Health Bill Scare vs. Health Care Reform

 Health Bill Scare vs. Health Care Reform

Based on an article written by the New York Post I started thinking that now is the time to get serious about health and fitness. Plus pray that I don’t need any major health care in the near future. Here is a detailed summary of the bill by the House Committee on Education and Labor can be read here (four-page .pdf). I am for Health Care Reform because I have been through the ringer with health insurances who don’t want to pay their bills when you need health care. Workers Compensation insurance providers play a lot of games and use Independent Medical Providers whose pockets are lined with dollars simply for denying patients medical care and treatment.

7/14/2009–Introduced.America’s Affordable Health Choices Act of 2009 – Sets forth provisions governing health insurance plans and issuers, including: (1) exempting grandfathered health insurance coverage from requirements of this Act; (2) prohibiting preexisting condition exclusions;…Read the Rest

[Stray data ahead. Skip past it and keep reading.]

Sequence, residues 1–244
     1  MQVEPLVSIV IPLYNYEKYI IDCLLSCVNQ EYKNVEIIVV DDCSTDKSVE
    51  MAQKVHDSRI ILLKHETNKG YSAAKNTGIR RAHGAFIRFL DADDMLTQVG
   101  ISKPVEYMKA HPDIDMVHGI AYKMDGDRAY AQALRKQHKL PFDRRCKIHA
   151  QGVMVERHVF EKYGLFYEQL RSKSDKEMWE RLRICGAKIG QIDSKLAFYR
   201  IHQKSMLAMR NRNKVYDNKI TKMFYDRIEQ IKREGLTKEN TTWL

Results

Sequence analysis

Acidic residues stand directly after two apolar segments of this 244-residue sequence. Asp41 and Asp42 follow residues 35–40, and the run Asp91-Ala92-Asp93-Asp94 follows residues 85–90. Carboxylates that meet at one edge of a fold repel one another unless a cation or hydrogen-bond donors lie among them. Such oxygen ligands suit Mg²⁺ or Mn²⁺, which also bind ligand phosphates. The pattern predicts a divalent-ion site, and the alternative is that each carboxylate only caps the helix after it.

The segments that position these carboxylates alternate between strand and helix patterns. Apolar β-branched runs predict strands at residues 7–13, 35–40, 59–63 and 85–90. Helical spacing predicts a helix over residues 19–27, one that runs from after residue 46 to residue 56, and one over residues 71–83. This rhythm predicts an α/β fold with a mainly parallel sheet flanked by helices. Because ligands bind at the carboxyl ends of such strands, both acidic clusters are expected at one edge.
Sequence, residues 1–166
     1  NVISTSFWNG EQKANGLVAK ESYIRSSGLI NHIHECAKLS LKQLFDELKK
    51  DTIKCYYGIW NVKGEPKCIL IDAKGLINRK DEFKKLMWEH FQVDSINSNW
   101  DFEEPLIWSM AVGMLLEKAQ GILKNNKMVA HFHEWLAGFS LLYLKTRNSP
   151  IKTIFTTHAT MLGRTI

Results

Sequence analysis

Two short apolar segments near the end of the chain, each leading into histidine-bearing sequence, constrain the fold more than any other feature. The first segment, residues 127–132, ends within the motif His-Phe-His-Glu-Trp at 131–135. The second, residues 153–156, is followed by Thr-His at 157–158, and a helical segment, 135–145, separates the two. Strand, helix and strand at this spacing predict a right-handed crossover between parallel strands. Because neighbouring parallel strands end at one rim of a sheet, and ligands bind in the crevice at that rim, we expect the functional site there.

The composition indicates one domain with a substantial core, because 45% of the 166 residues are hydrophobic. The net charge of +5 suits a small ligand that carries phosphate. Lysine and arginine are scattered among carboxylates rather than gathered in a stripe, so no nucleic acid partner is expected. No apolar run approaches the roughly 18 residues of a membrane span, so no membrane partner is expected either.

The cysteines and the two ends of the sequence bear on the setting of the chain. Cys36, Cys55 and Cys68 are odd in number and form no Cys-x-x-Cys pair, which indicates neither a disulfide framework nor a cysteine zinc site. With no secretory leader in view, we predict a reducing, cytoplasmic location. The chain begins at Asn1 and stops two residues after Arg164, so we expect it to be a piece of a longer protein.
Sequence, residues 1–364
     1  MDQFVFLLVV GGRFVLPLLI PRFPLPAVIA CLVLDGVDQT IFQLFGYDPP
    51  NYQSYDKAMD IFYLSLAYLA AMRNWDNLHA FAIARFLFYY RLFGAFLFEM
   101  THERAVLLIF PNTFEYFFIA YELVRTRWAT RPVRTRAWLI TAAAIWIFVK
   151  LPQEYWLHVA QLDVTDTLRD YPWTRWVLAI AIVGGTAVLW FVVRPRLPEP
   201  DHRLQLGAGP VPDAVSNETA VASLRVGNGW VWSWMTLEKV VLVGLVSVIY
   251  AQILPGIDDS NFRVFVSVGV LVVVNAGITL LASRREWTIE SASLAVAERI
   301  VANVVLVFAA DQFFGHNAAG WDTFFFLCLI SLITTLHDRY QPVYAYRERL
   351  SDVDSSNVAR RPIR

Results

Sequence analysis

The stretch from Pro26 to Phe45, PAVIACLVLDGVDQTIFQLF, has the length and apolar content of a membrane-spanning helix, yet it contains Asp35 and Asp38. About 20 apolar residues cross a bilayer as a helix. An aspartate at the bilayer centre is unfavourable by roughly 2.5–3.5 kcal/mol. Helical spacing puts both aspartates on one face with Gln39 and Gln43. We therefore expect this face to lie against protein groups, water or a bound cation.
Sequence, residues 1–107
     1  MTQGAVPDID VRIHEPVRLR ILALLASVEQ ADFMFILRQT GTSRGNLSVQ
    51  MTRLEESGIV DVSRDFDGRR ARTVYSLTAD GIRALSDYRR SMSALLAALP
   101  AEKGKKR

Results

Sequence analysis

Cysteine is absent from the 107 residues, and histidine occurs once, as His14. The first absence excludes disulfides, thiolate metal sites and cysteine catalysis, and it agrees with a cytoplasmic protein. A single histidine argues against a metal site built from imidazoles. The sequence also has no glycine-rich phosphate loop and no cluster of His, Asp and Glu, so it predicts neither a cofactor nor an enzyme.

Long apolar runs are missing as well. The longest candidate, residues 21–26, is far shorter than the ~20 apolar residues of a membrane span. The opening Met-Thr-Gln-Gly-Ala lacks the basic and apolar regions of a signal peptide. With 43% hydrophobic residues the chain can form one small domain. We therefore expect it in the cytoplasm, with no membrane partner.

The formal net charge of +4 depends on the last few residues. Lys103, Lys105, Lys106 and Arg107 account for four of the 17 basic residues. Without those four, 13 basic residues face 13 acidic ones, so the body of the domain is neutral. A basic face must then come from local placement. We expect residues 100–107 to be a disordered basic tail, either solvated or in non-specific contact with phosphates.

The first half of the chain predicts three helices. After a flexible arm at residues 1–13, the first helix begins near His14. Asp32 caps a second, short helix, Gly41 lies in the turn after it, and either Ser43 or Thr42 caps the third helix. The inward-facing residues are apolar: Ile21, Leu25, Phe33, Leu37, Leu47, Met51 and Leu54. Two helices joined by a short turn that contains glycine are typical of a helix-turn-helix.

Official Summary

7/14/2009–Introduced.
America’s Affordable Health Choices Act of 2009 – Sets forth provisions governing health insurance plans and issuers, including:


(1) exempting grandfathered health insurance coverage from requirements of this Act;
(2) prohibiting preexisting condition exclusions;
(3) providing for guaranteed coverage to all individuals and employers and automatic renewal of coverage;
(4) prohibiting premium variances, except for reasons of age, area, or family enrollment; and